With stores across the country closed, what happens if you want to return an item you’ve bought? And what happens if you think you’ve been taken advantage of because of the crisis?
Essentially, your consumer rights are exactly the same as in normal times.
Let’s take a look at what they are.
Right to a refund or return
With stores across the country closed due to the pandemic, many UK retailers have temporarily extended their returns policies to allow consumers additional time to return unwanted goods. It is likely that many businesses will begin to receive queries from consumers about extending their returns policy if they have not already done so. However, there is no express legal obligation on them to do so.
Both consumers and businesses should be aware of consumers’ rights when requesting a refund or return. These rights differ depending on whether goods are purchased in-store or online and whether they are purchasing goods or services.
Businesses are not legally required to have a returns policy, but they must adhere to it if they do have one. They should also make sure their returns policy does not conflict with consumers’ rights.
The right to challenge unfair contract terms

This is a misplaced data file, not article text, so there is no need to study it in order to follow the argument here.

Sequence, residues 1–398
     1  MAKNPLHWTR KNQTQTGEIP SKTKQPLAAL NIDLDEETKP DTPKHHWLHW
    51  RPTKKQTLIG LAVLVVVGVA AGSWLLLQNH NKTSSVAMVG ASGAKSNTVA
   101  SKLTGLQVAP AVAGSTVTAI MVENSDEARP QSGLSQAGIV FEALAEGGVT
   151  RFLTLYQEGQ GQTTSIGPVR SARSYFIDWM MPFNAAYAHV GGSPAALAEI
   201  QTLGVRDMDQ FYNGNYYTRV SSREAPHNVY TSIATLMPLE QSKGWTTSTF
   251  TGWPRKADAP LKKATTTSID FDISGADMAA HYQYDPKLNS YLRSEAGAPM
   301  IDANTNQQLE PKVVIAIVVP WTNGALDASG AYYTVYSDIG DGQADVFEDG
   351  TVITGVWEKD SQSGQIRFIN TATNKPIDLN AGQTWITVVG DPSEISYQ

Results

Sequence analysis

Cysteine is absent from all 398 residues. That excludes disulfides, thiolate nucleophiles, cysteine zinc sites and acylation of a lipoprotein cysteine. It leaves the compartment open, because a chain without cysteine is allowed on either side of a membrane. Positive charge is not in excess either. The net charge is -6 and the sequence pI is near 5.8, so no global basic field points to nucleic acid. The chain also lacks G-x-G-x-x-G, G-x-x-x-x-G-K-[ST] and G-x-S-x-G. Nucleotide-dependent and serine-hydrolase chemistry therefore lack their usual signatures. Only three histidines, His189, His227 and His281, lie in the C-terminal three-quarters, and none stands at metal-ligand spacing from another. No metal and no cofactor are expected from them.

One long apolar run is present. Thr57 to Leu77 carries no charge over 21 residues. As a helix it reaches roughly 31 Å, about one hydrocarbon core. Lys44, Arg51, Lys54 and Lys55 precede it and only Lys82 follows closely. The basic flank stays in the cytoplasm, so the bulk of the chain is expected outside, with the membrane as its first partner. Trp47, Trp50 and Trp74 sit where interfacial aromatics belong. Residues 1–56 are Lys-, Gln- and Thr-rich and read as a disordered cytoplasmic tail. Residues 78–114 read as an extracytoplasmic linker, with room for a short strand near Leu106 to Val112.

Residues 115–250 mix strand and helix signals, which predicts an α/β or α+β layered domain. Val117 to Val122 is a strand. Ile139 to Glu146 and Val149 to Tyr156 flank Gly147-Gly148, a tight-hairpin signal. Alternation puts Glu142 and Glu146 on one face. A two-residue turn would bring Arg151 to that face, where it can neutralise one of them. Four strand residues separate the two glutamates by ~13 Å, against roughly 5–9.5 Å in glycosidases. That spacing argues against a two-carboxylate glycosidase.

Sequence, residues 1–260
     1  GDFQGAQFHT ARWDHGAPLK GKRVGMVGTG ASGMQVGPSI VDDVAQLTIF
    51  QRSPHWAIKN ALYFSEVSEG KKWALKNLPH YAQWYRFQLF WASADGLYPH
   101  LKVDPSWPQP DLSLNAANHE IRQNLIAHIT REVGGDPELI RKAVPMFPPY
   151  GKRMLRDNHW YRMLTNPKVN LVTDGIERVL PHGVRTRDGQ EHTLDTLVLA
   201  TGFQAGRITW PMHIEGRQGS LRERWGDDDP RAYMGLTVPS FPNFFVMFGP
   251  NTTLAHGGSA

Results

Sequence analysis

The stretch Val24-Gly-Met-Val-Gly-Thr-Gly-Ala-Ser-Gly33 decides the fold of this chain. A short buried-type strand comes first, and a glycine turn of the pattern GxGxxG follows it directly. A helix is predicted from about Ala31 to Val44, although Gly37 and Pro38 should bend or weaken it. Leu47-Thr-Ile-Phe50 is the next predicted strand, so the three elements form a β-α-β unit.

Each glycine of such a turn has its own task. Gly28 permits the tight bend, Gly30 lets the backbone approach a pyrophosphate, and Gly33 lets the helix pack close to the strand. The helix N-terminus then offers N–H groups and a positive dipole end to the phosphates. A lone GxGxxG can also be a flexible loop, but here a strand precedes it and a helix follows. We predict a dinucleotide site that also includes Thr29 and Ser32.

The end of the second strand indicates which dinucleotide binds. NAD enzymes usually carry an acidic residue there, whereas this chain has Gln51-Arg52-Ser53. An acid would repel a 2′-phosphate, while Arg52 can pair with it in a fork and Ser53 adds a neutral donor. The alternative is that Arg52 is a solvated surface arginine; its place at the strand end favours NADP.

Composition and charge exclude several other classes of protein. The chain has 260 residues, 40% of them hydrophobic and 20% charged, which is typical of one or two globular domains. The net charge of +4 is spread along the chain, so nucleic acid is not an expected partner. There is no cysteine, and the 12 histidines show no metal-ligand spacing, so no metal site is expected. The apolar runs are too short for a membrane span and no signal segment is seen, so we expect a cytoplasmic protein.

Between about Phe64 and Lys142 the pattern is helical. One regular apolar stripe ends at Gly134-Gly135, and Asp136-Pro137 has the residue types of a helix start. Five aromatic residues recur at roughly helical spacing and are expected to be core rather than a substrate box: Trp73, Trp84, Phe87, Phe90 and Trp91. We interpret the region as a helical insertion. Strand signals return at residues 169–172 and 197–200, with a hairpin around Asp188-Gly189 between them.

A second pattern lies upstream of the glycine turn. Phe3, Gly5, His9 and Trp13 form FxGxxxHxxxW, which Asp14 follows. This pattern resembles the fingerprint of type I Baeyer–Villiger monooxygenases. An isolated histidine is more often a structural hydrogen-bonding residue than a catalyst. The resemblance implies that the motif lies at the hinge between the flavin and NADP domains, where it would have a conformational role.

According to the Consumer Rights Act 2015, a contract term is “unfair” if it “causes a significant imbalance in the parties’ rights and obligations under the contract to the detriment of the consumer”.
In certain circumstances, unfair clauses in contracts might be ones where you are required to pay arbitrary or non-refundable advance payments, or where cancellation charges will be made.
If you are a consumer, you can challenge unfair contract terms in court.
Where a business relies on unfair terms, the Competition and Markets Authority and Trading Standards may also take enforcement action against that business.
Exploitative sales and pricing practices
The Competition and Markets Authority’s statement published on 5 March 2020 warns traders not to exploit the Coronavirus situation to take advantage of consumers, whether by charging excessive prices or making misleading claims about the efficacy of protective equipment. This obligation also applies to members of the public who resell goods through online marketplaces.